The National Liver Offering Scheme

A system for prioritising people on the liver transplant waiting list

NHSBT logo

With the growing numbers of liver related illness, and a transplant system where the supply of donor organs does not meet the demand, donor livers are precious and must be put to the best use possible. This is a challenge that NHSBT, the blood and transplant authority for the UK, has addressed and in 2018, moved to a new system called the National Liver Offering Scheme (NLOS).

The purpose of the NLOS is to save as many lives as possible and get the best use possible out of all donated organs. The more detailed analysis of both recipient requirements and donor features increases the likelihood that the right liver will be offered to the right person at the right time.

The ethical considerations in offering organs are transplant benefit, need and utility.

  • Transplant benefit - the difference between a patient’s expected survival if receiving a particular donated liver and the patient’s expected survival without a transplant.
  • Need - how much someone needs a transplant. For example, if someone has acute liver failure from a virus or a paracetamol overdose, and if they don’t get a transplant they might die straight away; they need a transplant urgently.
  • Utility - how much use the recipient will get out of the donated liver; how long that person will survive.

For an excellent summary of these principles, watch Dr Douglas Thorburn speak at our 2014 Patient Information Day at the Royal Free hospital, London. Since he presented at our meeting, NHSBT has moved to the Liver Offering Scheme which is now based on ‘transplant benefit' (from 30m57s to 32m58s):

The UK Liver Advisory Group agrees that ‘transplant benefit’ based offering is the optimum approach [92]. Transplant benefit integrates elements of a patient’s need for a transplant and a patient’s utility from receiving a particular donated liver. It also takes into account information about that donated liver. In this way, the NLOS can look at everybody on the waiting list to decide who is the best match for the next available liver.

What is UKELD?

UKELD stands for United Kingdom Model for End-Stage Liver Disease. UKELD is a scoring system that gives the doctors an indication of how severe the liver disease is. It was developed from the Model for End-Stage Liver Disease (MELD) score, which is based on blood tests scores from bilirubin, INR (blood clotting amount), serum creatinine (measure of kidney function) but UKELD includes sodium levels in the blood. It was a very good predictor of which patients may die soonest and was used as the basis of deciding who should be transplanted before the Liver Offering Scheme was introduced. The minimum UKELD score to get onto the waiting list was 49.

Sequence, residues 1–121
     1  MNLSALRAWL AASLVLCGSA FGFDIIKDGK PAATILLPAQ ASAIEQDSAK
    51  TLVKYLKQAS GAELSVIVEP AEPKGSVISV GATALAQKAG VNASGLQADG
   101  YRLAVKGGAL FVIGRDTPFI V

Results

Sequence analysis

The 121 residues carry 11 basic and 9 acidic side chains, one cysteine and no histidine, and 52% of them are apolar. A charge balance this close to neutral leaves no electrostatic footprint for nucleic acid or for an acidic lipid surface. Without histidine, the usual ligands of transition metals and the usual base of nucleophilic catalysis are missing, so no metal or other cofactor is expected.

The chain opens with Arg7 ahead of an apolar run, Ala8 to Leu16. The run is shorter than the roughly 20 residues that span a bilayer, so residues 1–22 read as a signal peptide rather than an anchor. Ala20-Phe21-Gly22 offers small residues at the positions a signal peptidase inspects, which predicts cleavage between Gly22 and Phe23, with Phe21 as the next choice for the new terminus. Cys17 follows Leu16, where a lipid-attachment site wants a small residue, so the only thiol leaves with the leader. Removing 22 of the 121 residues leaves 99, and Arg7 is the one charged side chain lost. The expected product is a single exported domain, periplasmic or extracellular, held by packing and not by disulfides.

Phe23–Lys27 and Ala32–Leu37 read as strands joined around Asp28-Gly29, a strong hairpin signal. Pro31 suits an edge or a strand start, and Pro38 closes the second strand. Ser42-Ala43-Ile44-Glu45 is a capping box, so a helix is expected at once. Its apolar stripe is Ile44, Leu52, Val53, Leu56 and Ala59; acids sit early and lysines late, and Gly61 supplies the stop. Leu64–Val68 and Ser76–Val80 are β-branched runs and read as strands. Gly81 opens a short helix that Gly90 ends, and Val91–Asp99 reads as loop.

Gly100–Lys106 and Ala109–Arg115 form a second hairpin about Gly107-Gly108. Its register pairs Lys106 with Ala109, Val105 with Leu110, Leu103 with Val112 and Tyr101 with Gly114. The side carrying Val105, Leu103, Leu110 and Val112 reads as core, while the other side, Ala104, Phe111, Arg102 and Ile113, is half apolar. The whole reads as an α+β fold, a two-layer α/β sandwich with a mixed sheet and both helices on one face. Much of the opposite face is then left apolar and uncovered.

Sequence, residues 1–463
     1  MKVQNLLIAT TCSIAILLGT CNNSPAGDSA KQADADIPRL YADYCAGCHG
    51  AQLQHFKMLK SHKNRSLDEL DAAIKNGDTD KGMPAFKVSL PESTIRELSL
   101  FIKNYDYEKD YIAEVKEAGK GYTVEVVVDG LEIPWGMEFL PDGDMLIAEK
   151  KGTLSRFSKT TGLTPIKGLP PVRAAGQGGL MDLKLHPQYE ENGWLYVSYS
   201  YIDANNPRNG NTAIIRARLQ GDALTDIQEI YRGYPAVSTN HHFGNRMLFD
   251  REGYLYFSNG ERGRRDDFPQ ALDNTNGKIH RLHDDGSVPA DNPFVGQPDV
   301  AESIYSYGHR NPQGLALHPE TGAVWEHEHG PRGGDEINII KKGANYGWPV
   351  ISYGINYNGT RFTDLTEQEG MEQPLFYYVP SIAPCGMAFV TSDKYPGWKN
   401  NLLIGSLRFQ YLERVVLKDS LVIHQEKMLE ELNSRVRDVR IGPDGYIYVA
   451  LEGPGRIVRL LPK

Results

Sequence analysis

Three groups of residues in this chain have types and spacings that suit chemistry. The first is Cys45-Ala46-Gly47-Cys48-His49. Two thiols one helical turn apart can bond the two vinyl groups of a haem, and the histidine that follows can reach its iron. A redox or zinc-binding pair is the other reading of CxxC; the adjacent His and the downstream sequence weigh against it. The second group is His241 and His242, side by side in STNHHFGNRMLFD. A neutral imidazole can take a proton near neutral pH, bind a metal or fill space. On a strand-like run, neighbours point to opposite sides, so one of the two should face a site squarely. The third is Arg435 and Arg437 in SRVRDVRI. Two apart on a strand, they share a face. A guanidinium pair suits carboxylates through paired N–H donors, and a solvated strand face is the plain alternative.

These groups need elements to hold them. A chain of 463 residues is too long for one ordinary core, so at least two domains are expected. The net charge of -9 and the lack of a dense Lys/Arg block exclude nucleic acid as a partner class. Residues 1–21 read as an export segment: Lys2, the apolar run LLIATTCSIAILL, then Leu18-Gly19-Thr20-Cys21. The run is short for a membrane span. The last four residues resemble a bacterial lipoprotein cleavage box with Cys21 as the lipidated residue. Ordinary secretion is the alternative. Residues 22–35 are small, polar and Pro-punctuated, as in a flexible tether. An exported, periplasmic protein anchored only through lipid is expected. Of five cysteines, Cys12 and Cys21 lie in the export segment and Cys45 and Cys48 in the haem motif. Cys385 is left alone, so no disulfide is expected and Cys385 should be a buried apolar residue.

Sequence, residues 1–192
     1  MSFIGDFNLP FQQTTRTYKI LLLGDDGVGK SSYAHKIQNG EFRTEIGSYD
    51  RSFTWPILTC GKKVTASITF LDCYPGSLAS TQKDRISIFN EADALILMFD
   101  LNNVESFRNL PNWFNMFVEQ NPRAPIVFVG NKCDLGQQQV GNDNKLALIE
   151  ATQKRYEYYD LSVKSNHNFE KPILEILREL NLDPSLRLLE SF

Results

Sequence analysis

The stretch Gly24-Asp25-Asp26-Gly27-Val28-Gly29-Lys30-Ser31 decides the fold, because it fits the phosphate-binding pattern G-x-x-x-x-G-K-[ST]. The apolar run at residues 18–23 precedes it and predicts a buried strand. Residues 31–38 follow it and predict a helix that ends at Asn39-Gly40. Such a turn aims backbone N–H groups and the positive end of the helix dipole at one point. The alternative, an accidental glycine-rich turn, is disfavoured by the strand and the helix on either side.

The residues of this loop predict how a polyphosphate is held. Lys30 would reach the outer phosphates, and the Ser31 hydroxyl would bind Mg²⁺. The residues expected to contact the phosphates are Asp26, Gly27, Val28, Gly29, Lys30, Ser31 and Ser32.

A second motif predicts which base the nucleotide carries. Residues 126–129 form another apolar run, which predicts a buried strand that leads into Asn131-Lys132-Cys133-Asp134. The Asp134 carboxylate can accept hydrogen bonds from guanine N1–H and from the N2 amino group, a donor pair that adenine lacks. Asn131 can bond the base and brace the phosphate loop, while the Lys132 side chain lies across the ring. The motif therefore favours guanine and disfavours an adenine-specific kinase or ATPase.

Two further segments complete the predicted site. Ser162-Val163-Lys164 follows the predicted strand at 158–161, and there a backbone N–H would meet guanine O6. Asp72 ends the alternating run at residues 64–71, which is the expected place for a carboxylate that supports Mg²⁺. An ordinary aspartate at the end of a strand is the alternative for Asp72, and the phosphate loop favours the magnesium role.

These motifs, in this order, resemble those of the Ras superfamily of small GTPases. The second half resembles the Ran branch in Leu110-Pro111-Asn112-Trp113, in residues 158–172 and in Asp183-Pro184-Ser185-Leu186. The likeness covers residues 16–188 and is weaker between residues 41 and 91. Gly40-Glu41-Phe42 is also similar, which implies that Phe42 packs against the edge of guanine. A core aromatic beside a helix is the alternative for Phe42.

Transplant Benefit Score

The new system to decide who gets the next liver transplant uses a scoring system called the Transplant Benefit Score (TBS), which is more in-depth than the previous UKELD scoring system, and takes into account features of both patients on the waiting list and from the donor:

Recipient Factors



Hepatitis C

Disease group







Renal support

Inpatient status

Previous abdominal surgery



Time on waiting list


Maximum AFP level

Maximum tumour size

Tumour numbers

Liver Donor Factors


Cause of death



Donor type

Blood group

Split liver criteria

Transplant Benefit Score and Variant Syndromes

A small proportion of available organs will be offered to patients waiting for a liver transplant with Variant Syndrome (VS). VS refers to patients for whom the TBS is not appropriate and so their position on the waiting list will be prioritised according to waiting time. The frequency of organs offered to VS patients is based on the proportion of VS patients registered on the List (which at present is around three in every hundred organs offered).

National Offering System

Livers will be matched on a national basis rather than the previous regional basis, meaning all patients on the list are considered for the liver transplant (national allocation).


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